"Friday of Rejection" Leads to Death and Casualties in Egypt

The situation in Egypt snowballed on Friday, with violence erupting between Morsi supporters and pro-military protesters, leaving 36 people dead and over 1,000 injured.

Tens of thousands took to the streets across the country for what pro-Morsi demonstrators called the "Friday of Rejection", attempting to storm the military compound where the ousted president is allegedly under house arrest in order to demand his reinstatement.

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In Cairo, violent clashes broke out between Muslim Brotherhood backers and anti-Morsi protesters, with people fighting late into the night using knives and petrol bombs. Military troops also reportedly opened fire on the protesters outside the army's compound, killing four people.

Another fourteen people died in bloody battles in Alexandria, where over 200 were also injured.

The violence continued on Saturday, when gunmen killed a Coptic Christian priest in Egypt's Northern Sinai in the early afternoon.

The U.S. state department has denounced the attacks, saying: "We call on all Egyptian leaders to condemn the use of force and to prevent further violence among their supporters."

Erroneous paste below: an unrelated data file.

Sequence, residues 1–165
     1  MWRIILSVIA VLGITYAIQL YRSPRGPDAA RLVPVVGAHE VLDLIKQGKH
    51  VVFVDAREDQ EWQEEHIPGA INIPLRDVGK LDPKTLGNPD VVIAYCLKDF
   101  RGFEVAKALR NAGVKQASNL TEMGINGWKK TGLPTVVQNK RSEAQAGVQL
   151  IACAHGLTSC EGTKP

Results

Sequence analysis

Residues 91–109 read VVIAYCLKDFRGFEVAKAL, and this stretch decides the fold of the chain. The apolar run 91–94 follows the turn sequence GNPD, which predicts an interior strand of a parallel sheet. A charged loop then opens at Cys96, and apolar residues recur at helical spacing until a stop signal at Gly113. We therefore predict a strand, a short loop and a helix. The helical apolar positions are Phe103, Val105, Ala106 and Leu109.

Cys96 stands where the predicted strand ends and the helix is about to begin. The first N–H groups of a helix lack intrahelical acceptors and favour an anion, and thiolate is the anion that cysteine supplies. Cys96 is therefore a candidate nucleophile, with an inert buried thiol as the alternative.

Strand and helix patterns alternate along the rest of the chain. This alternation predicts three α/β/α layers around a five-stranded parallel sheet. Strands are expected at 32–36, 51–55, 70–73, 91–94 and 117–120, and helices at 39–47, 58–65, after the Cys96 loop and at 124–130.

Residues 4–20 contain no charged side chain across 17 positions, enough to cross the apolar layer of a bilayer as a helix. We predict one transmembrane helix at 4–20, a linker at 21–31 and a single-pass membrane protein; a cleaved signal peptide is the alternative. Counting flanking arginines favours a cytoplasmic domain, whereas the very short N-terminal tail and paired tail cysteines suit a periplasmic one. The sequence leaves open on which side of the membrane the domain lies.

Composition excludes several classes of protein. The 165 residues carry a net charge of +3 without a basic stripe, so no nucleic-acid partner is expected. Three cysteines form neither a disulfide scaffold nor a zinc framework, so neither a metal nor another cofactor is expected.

Republican Senator John McCain has also called on the U.S. government "to suspend aid to Egyptian military because the military has overturned the vote of the people."

"We cannot repeat the same mistakes that we made in other times of our history by supporting removal of freely elected governments," McCain added.

The situation doesn't look like it's getting any better, either.

According to Reuters, a scary-sounding new fundamentalist group has formed in Egypt, calling itself Ansar al-Shariah. The group has denounced democracy, and said that the recent military overthrow is tantamount to "a war declared against Islam in Egypt," adding that it would gather arms to train group members to "defend" themselves.

The last 48 hours of violence follow the military's removal of Mohammed Morsi from Presidential office, in what some are labeling a "military coup." Others see the army's action as a direct expression of the people's will, after nationwide demonstrations last week called for the President to be ousted.